In his first works at the Bauhaus, Moholy-Nagy was very rectangular, very strong, like in architectural construction where you have the vertical elements and the horizontal elements. His wife, Lucia Moholy, was a gifted photographer, documentarist and editor as well. Lucia Moholy, who came from Prague, had a decent level of language command and must have proofread all that László published. The main images of the Bauhaus building are photographs by Lucia Moholy, selected and authorised by Walter Gropius.
I think that both László and Lucia influenced each other and László in some way learned photography from Lucia. There was no photography department in the Bauhaus until 1929. But photography was an integral part of Moholy-Nagy’s work, and a new means of communication.
Moholy-Nagy’s activity influenced several aspects of the Bauhaus. The first is formal development—constructivist forms. The second is that he and Gropius published books and magazines, and started to spread their ideas to the world by means of printed materials. If you look at design schools today, not many have a publishing programme like the Bauhaus. They are limited to education. The staff may publish something from time to time, but there isn’t a programme.
II. Bauhaus Typography
Until the mid-1920s, the typography of the Bauhaus was extremely wild and had nothing in common with how we perceive it today. What can we consider to be the starting point of its typography?
At that time, advertisements, books and posters were either drawn by artists or simply set in the composing room. Jan Tschichold in some way invented the profession of the typographic designer in the early ’20s. For the first publication of the Büchergilde Gutenberg (the book club of the printers’ union for which Tschichold designed books), he was responsible for the Typographische Anordnung, which means how the type was to be set. This was the first step toward establishing the profession of the typographic designer that we know today.
Back then, the publishing houses were producing only standard publications in a kind of house style and everything else was designed externally, mostly by artists. The profession didn’t exist and the need for typographic design wasn’t realised—there was no idea that students could be trained in this field. The Bauhaus in Weimar didn’t have any facilities to set type, compose or print. There was no typography and no graphic design, as it was called later.
In Dessau, a printshop was installed in the basement of the new building (where the café is found today) headed by Herbert Bayer. The studio for graphic design was called Reklamewerkstatt and was also headed by Herbert Bayer. The printshop in Dessau even worked for people from outside the school. It could take in orders and deliver printed work and generateing income for the school. But the typographic style was not unique to the Bauhaus. In the booklet, junge menschen kommt ans bauhaus! (young men and women attend the bauhaus!) by Hannes Meyer, you can read about the typographic course, the course in the Reklamewerkstatt and even about the photography course. When Gropius, Bayer and Moholy-Nagy left, the idea of typographic design, photography, advertising and publishing was well established. Therefore, nobody discussed whether these were the subjects that students should learn about any more. Former student Joost Schmidt continued to teach Schrift (lettering), typography, Reklame (advertising or graphic design, as we call it today) and exhibition design.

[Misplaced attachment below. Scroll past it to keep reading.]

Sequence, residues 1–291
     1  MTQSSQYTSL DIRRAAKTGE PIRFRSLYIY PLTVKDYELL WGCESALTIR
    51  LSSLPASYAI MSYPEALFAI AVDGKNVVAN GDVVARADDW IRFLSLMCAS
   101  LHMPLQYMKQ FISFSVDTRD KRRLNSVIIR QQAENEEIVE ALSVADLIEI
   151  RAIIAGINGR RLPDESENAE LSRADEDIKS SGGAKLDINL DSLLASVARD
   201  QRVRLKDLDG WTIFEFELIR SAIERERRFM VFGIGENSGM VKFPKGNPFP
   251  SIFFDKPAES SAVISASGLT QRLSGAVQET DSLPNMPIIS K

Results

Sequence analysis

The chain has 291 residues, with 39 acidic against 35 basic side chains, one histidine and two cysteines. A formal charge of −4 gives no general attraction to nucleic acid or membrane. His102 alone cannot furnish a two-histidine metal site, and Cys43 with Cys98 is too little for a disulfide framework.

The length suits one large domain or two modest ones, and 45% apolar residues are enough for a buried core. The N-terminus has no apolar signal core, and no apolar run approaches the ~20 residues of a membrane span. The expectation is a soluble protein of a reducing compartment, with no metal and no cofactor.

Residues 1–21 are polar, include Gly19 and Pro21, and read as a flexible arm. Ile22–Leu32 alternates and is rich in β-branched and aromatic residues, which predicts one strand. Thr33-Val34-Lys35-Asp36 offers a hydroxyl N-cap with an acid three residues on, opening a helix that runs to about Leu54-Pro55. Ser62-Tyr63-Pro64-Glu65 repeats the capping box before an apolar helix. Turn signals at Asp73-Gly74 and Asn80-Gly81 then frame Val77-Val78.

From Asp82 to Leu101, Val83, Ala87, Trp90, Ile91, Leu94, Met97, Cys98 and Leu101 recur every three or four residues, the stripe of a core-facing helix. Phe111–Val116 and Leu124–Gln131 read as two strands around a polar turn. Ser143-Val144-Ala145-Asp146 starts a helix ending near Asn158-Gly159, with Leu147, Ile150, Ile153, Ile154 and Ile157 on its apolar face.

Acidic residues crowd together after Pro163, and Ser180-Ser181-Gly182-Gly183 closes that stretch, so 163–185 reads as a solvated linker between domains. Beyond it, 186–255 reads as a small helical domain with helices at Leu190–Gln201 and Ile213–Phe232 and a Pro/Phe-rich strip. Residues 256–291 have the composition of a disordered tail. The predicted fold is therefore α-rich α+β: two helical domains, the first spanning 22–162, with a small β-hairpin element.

Seeing as you mentioned Jan Tschichold… Nowadays it is somewhat overshadowed, but his »Elementare Typographie« (Elementary Typography) was mainly based on the ideas of the Bauhaus in general and on Lázsló Moholy-Nagy’s essay »Die Neue Typographie« in particular, isn’t it?
Before publishing his famous special issue, Elementare Typographie, of the printers’ union magazine, Typographische Mitteilungen, Tschichold thought that the Bauhaus was the precursor of all of these ideas. But when he was collecting material for this publication, he realised that the Bauhaus was not the only place where this kind of typography was cultivated and that Bauhaus had taken the ideas from the outside, for example from the Russians, the Dutch, the Polish, and the Futurists. The Bauhaus can be seen as a kind of melting pot for all these new ideas. There were many people who worked on this new approach towards typography. Therefore, Tschichold abandoned the title Bauhaus Typographie, which was his initial idea, and changed it to Elementare Typographie.
Elementary art was based on the usage of geometric elements and shapes. With them, you can build art, decorations or any type of illustration. These ideas spread all over Europe, and Tschichold was perfectly aware of everything that was happening. He corresponded with the leading lights in this field and collected whatever he could get. The term “Bauhaus typography” is inadequate in two ways: the Bauhaus never intended to create a style, and the Bauhaus was influenced from outside. Herbert Bayer, however, quickly understood that he should systematise and reduce the forms, developing a kind of style. He was, I think, for decades the most influential person for the new graphic design. Herbert Bayer was eager to do graphic design, even for the Nazis.